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Nipple Sandwich with a twist
by (Kathy Kuhn, IBCLC)

One thing you can try is to compress your breast firmly in the direction of her lips as you latch so you are making the breast smaller for her to get more of her mouth around it and so you are making the nipple and surrounding areola more firm so she notices it in her mouth. When a baby is latched well they generally have what we call an asymmetrical latch. Meaning the baby isn't perfectly centered on the nipple. Imagine your baby has lipstick on, if the baby is latched well the lipstick will leave an imprint that is somewhat oval and has the nipple a bit off center closer to the top lip imprint. The baby should take in more breast tissue with the lower lip than the upper lip. Let me try to describe it:

1) When you hold your baby to approach the breast support the baby's head with your thumb and index finger behind the baby's ears, supporting the lower head and upper back with the palm of your hand. The rest of your arm supports the baby's back and your elbow cuddles the baby's tush closely to your body. You should feel that you have very good control of the baby's body this way.

 

2) Line the baby up nose to nipple, either in the football hold, which means you are putting the baby under your arm on the side you will nurse from or in the cross cradle hold which means you are placing the baby across your chest and nursing from the breast opposite the arm you are holding the baby in. In the cross cradle hold also be sure to place the baby's tummy toward your tummy so she doesn't have to turn her head to reach the breast.

3) Support your breast with the free hand with thumb on one side and four fingers on the other side. Make sure your fingers are not covering or on the areola at all. If you are using the football hold, compress the breast horizontally (in the direction of the baby's lips) with your thumb and index finger pressing firmly at about 12 o'clock and 6 o'clock.

 

5) If you are using the cradle hold compress vertically with thumb and index finger at about 3 o'clock and 9 o'clock. (think of squishing a big thick sandwich on a roll to fit in the baby's mouth, you squish it in the direction of the lips).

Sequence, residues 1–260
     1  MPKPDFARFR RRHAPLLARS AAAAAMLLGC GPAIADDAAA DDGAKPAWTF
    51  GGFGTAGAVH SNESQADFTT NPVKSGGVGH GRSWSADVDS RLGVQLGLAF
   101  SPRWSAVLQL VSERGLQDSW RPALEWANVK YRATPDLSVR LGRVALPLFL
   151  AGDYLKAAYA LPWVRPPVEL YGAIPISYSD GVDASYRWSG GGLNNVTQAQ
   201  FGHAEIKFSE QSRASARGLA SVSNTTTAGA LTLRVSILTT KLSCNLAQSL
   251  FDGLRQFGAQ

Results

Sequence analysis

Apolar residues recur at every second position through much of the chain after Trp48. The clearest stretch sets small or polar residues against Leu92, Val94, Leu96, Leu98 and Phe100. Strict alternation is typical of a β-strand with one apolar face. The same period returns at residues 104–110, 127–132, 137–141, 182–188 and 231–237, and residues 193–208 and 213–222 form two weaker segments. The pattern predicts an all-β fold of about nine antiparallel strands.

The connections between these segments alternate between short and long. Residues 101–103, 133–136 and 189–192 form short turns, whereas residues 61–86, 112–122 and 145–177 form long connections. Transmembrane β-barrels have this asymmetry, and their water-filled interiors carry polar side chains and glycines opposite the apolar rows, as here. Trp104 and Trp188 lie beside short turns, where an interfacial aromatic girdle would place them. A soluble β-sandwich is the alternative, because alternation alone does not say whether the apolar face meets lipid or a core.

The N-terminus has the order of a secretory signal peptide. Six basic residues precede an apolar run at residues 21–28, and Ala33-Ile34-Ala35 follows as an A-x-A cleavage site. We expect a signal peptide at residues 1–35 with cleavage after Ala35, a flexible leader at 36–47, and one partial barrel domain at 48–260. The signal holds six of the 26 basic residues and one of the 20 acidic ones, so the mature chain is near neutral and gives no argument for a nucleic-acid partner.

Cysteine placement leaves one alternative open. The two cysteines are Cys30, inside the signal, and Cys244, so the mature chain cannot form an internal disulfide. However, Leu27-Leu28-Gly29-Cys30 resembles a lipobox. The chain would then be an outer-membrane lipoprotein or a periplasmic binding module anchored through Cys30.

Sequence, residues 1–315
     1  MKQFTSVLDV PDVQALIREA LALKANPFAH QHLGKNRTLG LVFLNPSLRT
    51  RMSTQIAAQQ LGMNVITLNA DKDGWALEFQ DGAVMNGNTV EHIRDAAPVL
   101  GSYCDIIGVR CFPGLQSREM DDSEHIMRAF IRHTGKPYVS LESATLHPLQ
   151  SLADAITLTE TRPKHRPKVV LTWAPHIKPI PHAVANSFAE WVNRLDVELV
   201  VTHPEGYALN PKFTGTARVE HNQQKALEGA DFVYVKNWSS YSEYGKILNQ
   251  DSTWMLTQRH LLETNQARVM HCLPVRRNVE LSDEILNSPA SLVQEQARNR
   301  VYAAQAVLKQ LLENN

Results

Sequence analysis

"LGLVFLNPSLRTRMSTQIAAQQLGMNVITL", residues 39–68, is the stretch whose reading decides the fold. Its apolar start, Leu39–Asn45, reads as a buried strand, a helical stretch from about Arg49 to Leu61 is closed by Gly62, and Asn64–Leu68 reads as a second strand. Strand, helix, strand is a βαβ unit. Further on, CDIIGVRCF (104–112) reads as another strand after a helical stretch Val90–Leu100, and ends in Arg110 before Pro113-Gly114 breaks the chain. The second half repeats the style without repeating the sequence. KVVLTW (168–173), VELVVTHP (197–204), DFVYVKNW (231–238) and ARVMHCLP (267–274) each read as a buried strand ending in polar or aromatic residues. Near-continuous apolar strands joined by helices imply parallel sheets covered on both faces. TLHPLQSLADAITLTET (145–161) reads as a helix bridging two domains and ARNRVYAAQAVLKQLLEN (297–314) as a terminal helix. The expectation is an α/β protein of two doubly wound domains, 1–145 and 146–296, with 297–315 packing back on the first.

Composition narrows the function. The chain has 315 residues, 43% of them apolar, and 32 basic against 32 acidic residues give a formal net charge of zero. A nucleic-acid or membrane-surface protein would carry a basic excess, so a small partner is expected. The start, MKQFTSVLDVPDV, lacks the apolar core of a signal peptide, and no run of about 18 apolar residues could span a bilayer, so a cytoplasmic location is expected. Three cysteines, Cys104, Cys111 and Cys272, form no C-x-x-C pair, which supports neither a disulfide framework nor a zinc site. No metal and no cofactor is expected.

6) Stroke the baby's lips with your nipple, one time, nose to chin, then pull the baby a bit away from your nipple to see if the baby is opening wide like a yawn. You may need to stroke numerous times, so the process is like this, stroke, pull away, look, stroke again, pull away, look, and keep repeating until the baby opens wide like a yawn. Do the stroking, pulling away or pausing, and looking slowly, if you repeat the process too quickly you aren't giving the baby time to respond. It should take to about a count of 2-4 for the stroking part and the same for the pausing and looking part.

 

7) When the baby opens like a big yawn it usually occurs on the down stroke or just after. You can then quickly lay your breast onto the baby's lower lip with the breast (usually closer to the chest wall than the edge of the areola) lining up with lip and then bring the rest of the baby's head/lip around the top of the breast to latch.

 

8) Maintain the compression (this is really important for a baby who has used bottles) on the breast firmly until the baby begins to suck well through one burst of sustained rhythmic suck and then you can slowly release the compression and just support the breast with your hand slightly back from it's original position. Holding the breast in this way usually helps the baby feel the breast in the mouth and encourages the baby to suckle.

Copyright 2000 - 2003  Jim Yount

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Disclaimer:  The pages contained herein are meant purely for informational purposes and every effort is made to provide accurate and up-to-date information. This information, however, is not meant to take the place of your doctor, nor should the information contained on this web site be considered specific medical advice with respect to any specific person and/or any specific condition. The author, therefore respectfully but specifically disclaims any liability, loss or risk - personal or otherwise - that is, or may be, incurred as a consequence, directly or indirectly, from use or application of any of the information provided on this web site.